Documents Clustering

This is my first post (actually second, but it is only translation of first) where I’d like to introduce a theoretic basis of Documents Clustering or Clustering in general which topic is close to me recently.

What does Document Clustering is about?

So, to explain Document Clustering it is good idea to define what is Clustering in general before.

Human is a being that likes to join things like objects, facts persons into groups or categories (here let’s call their clusters) to better or easier understand a world around. Let’s get people as an example. Imagine that you go the street and describe people you pass by sentences like: old man, another old man, nice girl, not very nice girl etc. We could describe them by their age, height, hair colour, style of wearing etc. In short, we could find many informations their would be categorised by.

So, what is this Clustering?

By definition we could say, clustering is a process of assignment of objects into groups where object in group is more similar to objects in this group than to all other groups. Result of this process are object of upper class (of abstraction), groups in which objects should be homogeneous or at least similar to each others.

What does that definition tell us?

So, having a set that contais some undefined strictly number of people we want to cluster, result should be groups where in range of group people would be related by some attribute that was used to describe them. Did we describe people by their hobbys, here we are, the result going to be groups related to same or similar hobby.

How does it look in practice?

Clustering is operation on a points.

Clustering example
Graphics source

Exacly. Points are grouped by distance between them and that’s how they are assigned to clusters. In most cases there is estimated a center point of cluster, centroid and then points are assigning to the nearest centroids.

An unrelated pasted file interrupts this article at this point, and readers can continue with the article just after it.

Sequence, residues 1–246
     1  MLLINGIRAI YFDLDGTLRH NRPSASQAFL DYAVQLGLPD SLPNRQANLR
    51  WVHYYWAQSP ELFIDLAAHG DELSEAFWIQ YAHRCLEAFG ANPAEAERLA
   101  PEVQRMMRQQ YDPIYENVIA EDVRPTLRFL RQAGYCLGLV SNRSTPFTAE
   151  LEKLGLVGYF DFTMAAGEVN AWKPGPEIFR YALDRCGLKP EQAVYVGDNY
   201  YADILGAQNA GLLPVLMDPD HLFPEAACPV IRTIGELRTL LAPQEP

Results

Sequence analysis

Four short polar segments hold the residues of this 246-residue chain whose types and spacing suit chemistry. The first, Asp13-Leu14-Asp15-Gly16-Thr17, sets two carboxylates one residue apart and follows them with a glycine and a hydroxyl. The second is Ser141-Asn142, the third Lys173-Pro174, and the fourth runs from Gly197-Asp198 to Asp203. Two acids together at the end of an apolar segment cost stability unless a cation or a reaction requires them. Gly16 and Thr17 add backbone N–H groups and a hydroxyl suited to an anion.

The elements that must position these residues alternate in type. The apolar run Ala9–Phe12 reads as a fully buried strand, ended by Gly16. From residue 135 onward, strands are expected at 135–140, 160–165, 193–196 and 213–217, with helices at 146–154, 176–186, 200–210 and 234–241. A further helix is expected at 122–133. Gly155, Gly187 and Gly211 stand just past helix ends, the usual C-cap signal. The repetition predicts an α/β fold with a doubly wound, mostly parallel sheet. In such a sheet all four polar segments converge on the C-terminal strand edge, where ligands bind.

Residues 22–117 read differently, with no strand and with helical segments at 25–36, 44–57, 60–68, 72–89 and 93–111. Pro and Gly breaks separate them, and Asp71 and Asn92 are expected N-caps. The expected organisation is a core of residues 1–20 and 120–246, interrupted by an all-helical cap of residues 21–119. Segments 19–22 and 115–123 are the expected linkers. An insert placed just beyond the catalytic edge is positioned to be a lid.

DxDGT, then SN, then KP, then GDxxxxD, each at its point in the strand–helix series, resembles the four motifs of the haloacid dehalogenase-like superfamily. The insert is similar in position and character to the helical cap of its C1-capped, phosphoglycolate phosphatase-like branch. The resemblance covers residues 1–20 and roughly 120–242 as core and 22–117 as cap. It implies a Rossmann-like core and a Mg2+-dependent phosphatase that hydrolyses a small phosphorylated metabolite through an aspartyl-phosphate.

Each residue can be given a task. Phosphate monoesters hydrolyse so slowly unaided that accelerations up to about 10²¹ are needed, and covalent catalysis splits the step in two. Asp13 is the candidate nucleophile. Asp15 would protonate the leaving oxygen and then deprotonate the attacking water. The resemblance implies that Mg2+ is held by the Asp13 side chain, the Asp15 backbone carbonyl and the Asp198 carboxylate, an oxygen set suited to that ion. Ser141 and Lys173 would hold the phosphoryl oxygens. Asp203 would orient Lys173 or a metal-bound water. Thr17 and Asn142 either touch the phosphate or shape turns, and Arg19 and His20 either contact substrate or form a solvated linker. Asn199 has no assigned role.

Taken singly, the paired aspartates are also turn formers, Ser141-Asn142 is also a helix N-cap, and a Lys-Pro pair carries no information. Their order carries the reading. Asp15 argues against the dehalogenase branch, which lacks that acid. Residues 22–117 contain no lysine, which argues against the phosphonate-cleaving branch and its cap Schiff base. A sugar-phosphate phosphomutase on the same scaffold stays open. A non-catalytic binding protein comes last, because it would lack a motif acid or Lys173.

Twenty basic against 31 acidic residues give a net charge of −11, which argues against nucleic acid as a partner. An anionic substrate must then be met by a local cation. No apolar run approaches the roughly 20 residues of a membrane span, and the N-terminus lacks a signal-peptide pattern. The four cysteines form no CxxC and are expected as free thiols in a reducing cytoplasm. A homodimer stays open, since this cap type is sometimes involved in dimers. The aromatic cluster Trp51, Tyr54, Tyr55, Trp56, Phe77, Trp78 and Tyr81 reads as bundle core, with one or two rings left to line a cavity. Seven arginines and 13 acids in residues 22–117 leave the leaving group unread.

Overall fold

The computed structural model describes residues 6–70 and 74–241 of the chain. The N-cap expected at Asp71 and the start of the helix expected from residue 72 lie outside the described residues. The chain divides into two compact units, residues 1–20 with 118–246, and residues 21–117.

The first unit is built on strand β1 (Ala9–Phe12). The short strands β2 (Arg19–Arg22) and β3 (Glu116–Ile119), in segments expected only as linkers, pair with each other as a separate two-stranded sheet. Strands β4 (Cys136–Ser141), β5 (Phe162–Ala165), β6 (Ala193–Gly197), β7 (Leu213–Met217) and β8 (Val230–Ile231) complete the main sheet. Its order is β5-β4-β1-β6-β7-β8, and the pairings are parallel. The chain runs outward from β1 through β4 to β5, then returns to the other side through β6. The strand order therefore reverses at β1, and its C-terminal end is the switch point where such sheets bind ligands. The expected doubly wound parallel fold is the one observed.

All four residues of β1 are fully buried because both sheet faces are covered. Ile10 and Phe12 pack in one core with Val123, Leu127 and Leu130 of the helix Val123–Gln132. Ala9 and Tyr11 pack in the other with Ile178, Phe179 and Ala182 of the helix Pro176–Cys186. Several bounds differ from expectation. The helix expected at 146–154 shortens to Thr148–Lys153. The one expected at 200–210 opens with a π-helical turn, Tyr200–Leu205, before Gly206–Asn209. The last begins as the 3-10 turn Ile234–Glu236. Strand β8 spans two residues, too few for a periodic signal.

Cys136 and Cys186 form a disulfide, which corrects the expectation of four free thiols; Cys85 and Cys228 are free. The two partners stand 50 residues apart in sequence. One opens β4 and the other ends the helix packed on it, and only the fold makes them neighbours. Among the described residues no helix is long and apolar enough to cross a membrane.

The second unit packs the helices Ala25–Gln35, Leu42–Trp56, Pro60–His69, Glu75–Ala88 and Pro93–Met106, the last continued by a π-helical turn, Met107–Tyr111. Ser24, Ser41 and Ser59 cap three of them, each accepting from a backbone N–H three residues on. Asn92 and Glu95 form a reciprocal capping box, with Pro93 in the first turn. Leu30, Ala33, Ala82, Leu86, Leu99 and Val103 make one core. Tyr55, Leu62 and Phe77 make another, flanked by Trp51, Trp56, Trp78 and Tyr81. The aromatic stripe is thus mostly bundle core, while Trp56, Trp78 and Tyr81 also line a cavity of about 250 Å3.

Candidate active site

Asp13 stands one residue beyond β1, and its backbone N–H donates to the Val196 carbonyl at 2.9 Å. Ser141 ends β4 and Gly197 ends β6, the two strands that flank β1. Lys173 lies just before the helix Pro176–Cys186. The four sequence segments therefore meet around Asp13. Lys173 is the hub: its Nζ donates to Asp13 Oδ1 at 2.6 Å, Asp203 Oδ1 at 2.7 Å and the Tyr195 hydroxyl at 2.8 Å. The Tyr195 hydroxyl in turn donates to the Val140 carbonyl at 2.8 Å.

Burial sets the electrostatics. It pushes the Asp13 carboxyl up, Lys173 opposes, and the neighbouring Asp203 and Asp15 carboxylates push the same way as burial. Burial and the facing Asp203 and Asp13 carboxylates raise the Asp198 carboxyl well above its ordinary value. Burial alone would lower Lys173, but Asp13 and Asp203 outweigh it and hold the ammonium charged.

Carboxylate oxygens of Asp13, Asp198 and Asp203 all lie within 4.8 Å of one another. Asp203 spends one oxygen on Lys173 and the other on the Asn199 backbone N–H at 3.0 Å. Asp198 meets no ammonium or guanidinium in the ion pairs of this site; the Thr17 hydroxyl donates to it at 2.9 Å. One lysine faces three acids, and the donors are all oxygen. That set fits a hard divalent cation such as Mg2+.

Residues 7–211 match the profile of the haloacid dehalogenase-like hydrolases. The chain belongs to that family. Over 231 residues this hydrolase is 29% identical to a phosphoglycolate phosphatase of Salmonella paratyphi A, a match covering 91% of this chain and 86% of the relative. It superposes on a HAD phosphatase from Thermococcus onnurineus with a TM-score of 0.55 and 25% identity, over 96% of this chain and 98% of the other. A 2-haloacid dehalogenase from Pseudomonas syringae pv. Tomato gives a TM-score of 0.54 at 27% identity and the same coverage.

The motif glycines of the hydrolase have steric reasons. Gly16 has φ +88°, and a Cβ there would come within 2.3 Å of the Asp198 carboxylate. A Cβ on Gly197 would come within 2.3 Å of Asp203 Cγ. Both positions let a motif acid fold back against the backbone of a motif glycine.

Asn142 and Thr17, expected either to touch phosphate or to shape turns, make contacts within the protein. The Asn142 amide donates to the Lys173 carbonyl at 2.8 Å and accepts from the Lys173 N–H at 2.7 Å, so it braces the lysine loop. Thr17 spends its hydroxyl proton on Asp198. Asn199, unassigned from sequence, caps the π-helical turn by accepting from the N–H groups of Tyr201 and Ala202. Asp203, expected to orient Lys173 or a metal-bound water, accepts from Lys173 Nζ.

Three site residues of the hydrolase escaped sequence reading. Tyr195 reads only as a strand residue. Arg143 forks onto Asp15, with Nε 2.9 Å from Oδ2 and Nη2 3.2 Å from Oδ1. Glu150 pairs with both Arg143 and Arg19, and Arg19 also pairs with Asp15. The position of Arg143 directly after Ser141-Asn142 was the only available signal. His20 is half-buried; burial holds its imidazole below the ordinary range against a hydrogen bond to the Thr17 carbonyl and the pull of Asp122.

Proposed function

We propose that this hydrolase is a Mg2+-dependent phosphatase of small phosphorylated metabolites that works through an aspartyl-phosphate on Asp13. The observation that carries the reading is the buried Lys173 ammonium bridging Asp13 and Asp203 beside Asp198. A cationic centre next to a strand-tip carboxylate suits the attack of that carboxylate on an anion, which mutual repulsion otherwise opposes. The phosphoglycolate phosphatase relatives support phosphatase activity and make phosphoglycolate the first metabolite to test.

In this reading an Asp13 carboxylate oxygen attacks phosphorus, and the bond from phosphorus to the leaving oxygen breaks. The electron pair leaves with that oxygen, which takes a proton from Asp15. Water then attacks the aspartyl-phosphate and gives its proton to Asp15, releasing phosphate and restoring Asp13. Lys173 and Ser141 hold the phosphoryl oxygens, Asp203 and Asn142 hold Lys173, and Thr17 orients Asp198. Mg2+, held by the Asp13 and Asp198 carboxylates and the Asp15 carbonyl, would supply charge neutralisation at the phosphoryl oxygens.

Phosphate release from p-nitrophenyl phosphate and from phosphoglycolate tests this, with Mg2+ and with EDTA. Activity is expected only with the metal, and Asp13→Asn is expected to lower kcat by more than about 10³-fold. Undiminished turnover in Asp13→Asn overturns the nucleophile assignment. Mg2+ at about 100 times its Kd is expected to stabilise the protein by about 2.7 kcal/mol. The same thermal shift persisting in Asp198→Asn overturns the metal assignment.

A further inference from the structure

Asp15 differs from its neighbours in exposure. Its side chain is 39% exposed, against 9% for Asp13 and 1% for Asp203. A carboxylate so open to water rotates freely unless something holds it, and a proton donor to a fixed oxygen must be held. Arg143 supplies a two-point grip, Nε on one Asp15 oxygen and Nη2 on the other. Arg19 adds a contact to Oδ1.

Coming back to our example with people. How could we „clusterize” people if clustering algorithms work on points, numbers?

The way to do that is called vectorization. It is a proccess that converts more abstract objects like documents (or people as in example) into form of numbers. Products of this process, vectors are matrices with one column (or row if matrix is transformed). Each element of vector is related to one property’s numeric representation. Value of element means a weight, a extent of related attribute with object.

Let’s say we want to describe some group of people with wectors. We get 3 properties describing them, the easiest properties to vectorize would be: age, height and weight as they are numbers.

So, vector looks like:

[age, height, weight]

For example: [18, 182, 85], [25, 164, 58], [35, 170, 89], [53, 179, 88].

We’ve got a point in 3D space that describes people by mentioned attributes then it should not be a problem to create groups with similarities of age, height or weight. Obviously 4 points are not enough to do this effectively, so we need it more.

But wait.

As we know, clustering bases on distances. Having unregular data like that, I mean, influence of height or weight would be much bigger than influence of age on distribution of points, distances between them. Good idea would be weighting of values. For instance a value of element would be a quotient of some maximum value or value’s probability from normal distribution.

How does it work with documents?

It is very similar way to clustering documents that present as example before. Documents are converted into vectors by weight of word inside, calculated from analysis whole set of documents. Next, the multidimensional points are assigned to clusters by distances from each others. Description of algorithms to create vectors from text and to clustering are topics for another post.

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